"Syntax for Efficient Traits" is now ready for discussion (was: Classes as Sugar is...)

Dmitry A. Soshnikov dmitry.soshnikov at gmail.com
Tue Sep 14 12:09:34 PDT 2010


  On 14.09.2010 20:19, Mark S. Miller wrote:
> On Tue, Sep 14, 2010 at 6:37 AM, Dmitry A. Soshnikov 
> <dmitry.soshnikov at gmail.com <mailto:dmitry.soshnikov at gmail.com>> wrote:
>
>     On 14.09.2010 1:03, Mark S. Miller wrote:
>>     On Mon, Sep 13, 2010 at 2:02 PM, Mark S. Miller
>>     <erights at google.com <mailto:erights at google.com>> wrote:
>>
>>         On Mon, Sep 13, 2010 at 1:18 PM, Dmitry A. Soshnikov
>>         <dmitry.soshnikov at gmail.com
>>         <mailto:dmitry.soshnikov at gmail.com>> wrote:
>>
>>
>>             I didn't finished a detailed reading yet, but from the
>>             brief scanning, syntactically, I think /=>/ and /trait
>>             class/ are not needed.
>>
>>
>>         * I used "trait class" rather than "trait" for two reasons:
>>
>>             1) Syntactic ambiguity fear. "trait" is not one of the
>>         identifiers reserved by ES5 or ES5/strict, and so I am not
>>         proposing that it be an ES-Harmony keyword.
>>
>
>     This keyword would look interesting though. Traits/mixins concept
>     is a weighty thing and if to reproduce it, then in a good way --
>     easy to use/write and syntactically minimalistic. By the way,
>     JFTR, PHP also now providing traits
>     (http://wiki.php.net/rfc/horizontalreuse) with using this /trait
>     TraitName {}/ syntax; Scala too has such syntax -- i.e. without
>     (trait class, class trait) referencing to parser issues.
>
>
> JFTR?

Sorry -- "just for the record", as already Dave has mentioned.
>
> PHP and Scala can tolerate a much higher migration tax than JavaScript 
> because of the differences in how they're deployed. I hesitate to 
> propose any new keywords beyond those reserved by ES5/strict. All the 
> proposals on 
> <http://wiki.ecmascript.org/doku.php?id=harmony:proposals> and the 
> current traits strawman are upwards compatible from ES5/strict, 
> allowing a conforming implementation to provide them with no further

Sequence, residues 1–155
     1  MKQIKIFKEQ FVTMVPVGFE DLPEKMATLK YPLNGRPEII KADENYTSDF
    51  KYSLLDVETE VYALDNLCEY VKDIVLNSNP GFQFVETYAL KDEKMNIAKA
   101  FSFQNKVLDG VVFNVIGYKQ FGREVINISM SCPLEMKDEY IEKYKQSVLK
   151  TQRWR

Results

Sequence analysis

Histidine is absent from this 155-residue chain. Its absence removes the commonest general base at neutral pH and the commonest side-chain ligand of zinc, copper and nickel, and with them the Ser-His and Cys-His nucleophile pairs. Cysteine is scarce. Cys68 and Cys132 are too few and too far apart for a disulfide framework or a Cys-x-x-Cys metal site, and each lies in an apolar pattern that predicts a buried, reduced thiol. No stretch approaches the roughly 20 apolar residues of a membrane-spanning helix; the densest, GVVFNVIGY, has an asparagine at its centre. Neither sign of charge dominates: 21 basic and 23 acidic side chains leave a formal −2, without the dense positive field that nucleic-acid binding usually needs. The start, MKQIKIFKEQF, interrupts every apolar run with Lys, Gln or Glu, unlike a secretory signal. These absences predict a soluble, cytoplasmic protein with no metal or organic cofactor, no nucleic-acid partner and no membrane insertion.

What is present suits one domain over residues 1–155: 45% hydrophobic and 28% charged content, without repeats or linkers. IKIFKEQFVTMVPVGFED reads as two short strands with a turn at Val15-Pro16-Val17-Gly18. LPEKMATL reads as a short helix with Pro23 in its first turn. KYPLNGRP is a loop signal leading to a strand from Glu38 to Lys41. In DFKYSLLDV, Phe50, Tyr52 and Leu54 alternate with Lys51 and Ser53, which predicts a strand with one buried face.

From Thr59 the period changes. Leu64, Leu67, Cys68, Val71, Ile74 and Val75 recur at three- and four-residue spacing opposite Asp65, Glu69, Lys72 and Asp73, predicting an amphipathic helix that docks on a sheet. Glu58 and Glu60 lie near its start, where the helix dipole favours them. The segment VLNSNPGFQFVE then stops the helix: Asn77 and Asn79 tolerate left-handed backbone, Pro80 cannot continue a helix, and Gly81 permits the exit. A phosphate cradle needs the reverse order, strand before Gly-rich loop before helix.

> opt-in than "use strict". Not all the strawman have this virtue, some 
> with good reason. But to ease incremental prototyping and adoption, we 
> should preserve this virtue when we can.
>

Yeah, yeah, I know, "backward compats". Forget that they are rule.

>
>
>>             2) More importantly, the object binds to the name it
>>         declares is not a trait but a function for making traits.
>>
>>
>>     Oops. Should be "the object bound to ..."
>>
>>
>>         * I introduced "=>" to disambiguate whether the "{" following
>>         the (trait) class head begins a block or a literal.
>>
>
>     Yeah, but maybe somehow it (ambiguous) may be avoided.
>
>
> Somehow sure. Suggestions appreciated.
>
>
>
>>
>>             /trait class EnumerableTrait() => {/
>>
>>             instead better:
>>
>>             trait Enumerable {
>>
>>
>>         Enumerable is a function for making traits. Your syntax
>>         suggests that Enumerable is itself a trait.
>>
>
>     Hm, "function for making trait", "trait itself". Too many things.
>     It may bring complexity. Yes, i thought (and see in other
>     languages, the same Ruby) that Enumerable is a trait itself, and
>     not a special (non-needed to me) function. A user needed just a
>     trait, not a function + trait.
>
>
> Please check out <http://traitsjs.org/>. The notion of traits there 
> and in this strawman is the "stateful traits" approach that Tom first 
> explained at 
> <http://prog.vub.ac.be/Publications/2009/vub-prog-tr-09-04.pdf>. Until 
> I saw this paper, I had written traits off as a dead end.

It seems something interesting there, thanks, I'll take a look on the